4. Uncommon Or Delicate Filepaths

Excerpt: Carbanak copies itself into “% system32% com” with the name “svchost.exe” with the file attributes: system, concealed and read-only.

Comment: Any writing into the System32 filepath is suspicious as it is a sensitive system directory, so it undergoes analysis by checking abnormalities instantly. A traditional anomaly would be svchost.exe, which is a crucial system process image, in the uncommon place the com subdirectory.

5. New Autostarts Or Services

Excerpt: To make sure that Carbanak has autorun privileges the malware develops a new service.

Remark: Any autostart or new service prevails with malware and is constantly examined by the analytics. Anything low prevalence would be suspicious. If examining the image hash versus market watchlists results in an unknown quantity to the majority of antivirus engines this will raise suspicions.

6. Low Prevalence File In High Prevalence Folder

Excerpt: Carbanak creates a file with a random name and a.bin extension in %COMMON_APPDATA% Mozilla where it stores commands to be carried out.

Comment: This is a classic example of “one of these things is not like the other” that is simple for the security analytics to inspect (continuous monitoring environment). And this IoC is absolutely generic, has absolutely nothing to do with which filename or which directory is created. Despite the fact that the technical security report notes it as a particular IoC, it is trivially genericized beyond Carabanak to future attacks.

7. Suspect Signer

Excerpt: In order to render the malware less suspicious, the most recent Carbanak samples are digitally signed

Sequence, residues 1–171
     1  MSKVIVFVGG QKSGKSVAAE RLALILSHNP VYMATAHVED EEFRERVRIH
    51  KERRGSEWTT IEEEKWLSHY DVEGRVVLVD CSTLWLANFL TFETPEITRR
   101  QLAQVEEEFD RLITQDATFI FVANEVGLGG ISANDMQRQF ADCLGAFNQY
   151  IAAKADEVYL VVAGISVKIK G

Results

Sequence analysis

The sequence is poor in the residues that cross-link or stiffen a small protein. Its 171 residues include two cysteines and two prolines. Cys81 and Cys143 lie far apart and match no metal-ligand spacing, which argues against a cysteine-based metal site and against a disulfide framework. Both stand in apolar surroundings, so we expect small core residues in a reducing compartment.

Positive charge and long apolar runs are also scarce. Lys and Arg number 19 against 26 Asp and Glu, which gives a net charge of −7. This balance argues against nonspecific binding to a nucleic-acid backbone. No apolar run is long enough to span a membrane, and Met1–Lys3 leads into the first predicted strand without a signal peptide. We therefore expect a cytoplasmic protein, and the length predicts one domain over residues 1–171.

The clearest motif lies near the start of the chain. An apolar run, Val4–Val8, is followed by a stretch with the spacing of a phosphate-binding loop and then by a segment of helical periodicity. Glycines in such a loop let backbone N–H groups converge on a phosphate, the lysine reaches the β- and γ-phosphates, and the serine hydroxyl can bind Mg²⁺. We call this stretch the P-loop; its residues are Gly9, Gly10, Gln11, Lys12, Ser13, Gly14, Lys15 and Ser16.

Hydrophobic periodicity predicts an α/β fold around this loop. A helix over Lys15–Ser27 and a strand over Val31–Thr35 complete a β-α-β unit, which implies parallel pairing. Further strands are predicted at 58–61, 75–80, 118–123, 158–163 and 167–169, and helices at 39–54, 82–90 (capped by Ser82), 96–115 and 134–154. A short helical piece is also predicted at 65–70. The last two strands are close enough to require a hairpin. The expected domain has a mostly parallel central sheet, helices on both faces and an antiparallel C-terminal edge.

Comment: Any suspect signer will be treated as suspicious. One case was where a signer supplies a suspect anonymous gmail email address, which does not inspire confidence, and the risk score will rise for this image. In other cases no email address is provided. Signers can be quickly noted and a Pareto analysis carried out, to recognize the more versus less trusted signers. If a less trusted signer is discovered in a more sensitive folder then this is really suspicious.

8. Remote Administration Tools

Excerpt: There appears to be a preference for the Ammyy Admin remote administration tool for remote control believed that the hackers used this remote administration tool due to the fact that it is frequently whitelisted in the victims’ environments as a result of being used regularly by administrators.

Comment: Remote admin tools (RAT) always raise suspicions, even if they are whitelisted by the company. Checking of abnormalities would occur to identify whether temporally or spatially each brand-new remote admin tool is consistent. RAT’s are subject to abuse. Hackers will constantly prefer to use the RAT’s of a company so that they can avoid detection, so they must not be given access each time just because they are whitelisted.

9. Patterns Of Remote Login

Excerpt: Logs for these tools suggest that they were accessed from two different IPs, most likely used by the hackers, and located in Ukraine and France.

Comment: Constantly suspect remote logins, due to the fact that all hackers are presumed to be remote. They are also used a lot with insider attacks, as the insider does not wish to be identified by the system. Remote addresses and time pattern anomalies would be checked, and this should reveal low prevalence usage (relative to peer systems) plus any suspect geography.

10. Atypical IT Tools